Dogs and cats are adorable, but cost money.
Pets are adorable, but can cause unexpected money surprises.
Dogs and cats are adorable, but cost money.
Pets are adorable, but can cause unexpected money surprises.

Many of us have adorable animal companions, and we care for them dearly.

But much like children, pets cost money to take care of. Along with costs for food, healthcare, and petsitting, there are also unexpected expenses to take care of.

If you’re a pet parent and want to avoid unwanted surprises, the smart thing to do is to budget ahead and save a few dollars for that emergency vet visit or your adorable little cat knocking over the television.

Make sure to save a few dollars for:

  • Medical Care: Pets are expensive. Vet appointments and medication so your animal has a long, fun, and healthy life add up over time. Many pet guardians also encounter medical emergencies along the way, which can easily add up to hundreds or thousands of dollars. That added expense really sucks. It’s smart to prepare for it in advance.
  • Food And Accessories: Pet food might seem cheap, but it adds up over time. Making homemade pet food saves dollars and helps you bond with your pet, and buying dog/cat toys online through Amazon or other vendors might well be cheaper than going to your local pet store.
  • Training and Petsitting: Your darling little corgi might love to bark at skateboards and annoy the neighbor. Your cat needs to be fed when you’re out of town visiting family.
  • Added Home Expenses, Pet Deposits and “Pet Rent”: If you rent your home, many landlords require an additional pet deposit or extra monthly pet rent fees. These can quickly add up. Even if you own your home, pets have a tendency to be cute and destroy things. Replacing that blanket you love or the drywall they chewed up takes time and money.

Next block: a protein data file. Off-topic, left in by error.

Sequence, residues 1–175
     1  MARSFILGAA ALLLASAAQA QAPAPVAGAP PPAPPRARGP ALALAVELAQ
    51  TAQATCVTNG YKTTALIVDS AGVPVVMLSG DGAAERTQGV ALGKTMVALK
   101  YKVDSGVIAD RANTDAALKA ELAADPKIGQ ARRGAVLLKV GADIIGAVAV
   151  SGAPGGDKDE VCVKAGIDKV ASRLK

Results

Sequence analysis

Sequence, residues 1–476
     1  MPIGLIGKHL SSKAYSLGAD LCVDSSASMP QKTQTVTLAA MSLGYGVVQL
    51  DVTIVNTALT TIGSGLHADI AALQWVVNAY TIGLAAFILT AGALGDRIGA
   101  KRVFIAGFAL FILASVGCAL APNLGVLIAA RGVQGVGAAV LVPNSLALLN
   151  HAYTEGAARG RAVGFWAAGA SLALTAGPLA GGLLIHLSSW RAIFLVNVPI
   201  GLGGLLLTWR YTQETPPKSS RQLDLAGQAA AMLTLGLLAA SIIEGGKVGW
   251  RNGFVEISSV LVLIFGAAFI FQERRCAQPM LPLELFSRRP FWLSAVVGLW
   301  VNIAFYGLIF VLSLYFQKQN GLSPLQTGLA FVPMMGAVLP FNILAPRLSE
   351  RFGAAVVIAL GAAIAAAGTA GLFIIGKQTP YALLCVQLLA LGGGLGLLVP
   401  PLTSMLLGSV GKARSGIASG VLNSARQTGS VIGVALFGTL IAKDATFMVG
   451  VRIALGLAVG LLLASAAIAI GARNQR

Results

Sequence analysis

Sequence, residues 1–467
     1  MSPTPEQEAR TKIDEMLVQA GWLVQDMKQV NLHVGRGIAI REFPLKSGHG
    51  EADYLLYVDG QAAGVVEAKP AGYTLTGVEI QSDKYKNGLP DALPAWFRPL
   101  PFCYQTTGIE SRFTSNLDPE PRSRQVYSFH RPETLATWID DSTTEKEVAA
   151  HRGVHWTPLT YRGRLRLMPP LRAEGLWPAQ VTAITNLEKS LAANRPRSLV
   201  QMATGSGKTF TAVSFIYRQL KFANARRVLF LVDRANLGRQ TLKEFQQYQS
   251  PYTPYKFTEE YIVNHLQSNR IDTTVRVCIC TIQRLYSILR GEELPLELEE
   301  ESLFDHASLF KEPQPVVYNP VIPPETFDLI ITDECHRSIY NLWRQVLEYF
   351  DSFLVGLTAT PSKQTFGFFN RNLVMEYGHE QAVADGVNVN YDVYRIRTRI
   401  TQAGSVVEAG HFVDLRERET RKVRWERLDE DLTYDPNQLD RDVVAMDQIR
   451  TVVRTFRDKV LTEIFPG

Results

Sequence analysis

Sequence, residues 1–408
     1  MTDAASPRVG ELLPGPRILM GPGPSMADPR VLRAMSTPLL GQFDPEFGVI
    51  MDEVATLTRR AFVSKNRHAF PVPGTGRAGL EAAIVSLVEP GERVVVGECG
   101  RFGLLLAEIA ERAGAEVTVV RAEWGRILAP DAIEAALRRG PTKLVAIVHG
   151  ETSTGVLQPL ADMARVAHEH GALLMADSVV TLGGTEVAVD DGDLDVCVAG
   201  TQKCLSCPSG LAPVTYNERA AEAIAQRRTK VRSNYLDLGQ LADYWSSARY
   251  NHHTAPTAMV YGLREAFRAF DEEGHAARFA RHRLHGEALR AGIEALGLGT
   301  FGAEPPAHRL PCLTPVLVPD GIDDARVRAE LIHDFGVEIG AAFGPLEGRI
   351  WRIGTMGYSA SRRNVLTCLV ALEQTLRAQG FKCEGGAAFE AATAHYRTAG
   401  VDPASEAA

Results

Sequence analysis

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In order to make sure your pet doesn’t send you to the pourhouse, there are two smart strategies:

  • Getting Pet Insurance: ┬áPet insurance is paid monthly, and significantly lowers veterinary bills. Make sure your insurer covers veterinarians you like who are close to your home, and that the benefits make sense financially. Embrace, Trupanion, Petfirst, and a number of other vendors all offer great pet packages.
  • Starting a Pet Savings Fund: Putting away a small amount each month–anywhere from $10 to $50 depending on your pets’ age, health, and propensity to get in trouble–is a smart way to prepare for any eventual emergencies. Put your money into a high-interest savings account in order to make as much money as you can for your adorable little animal companion.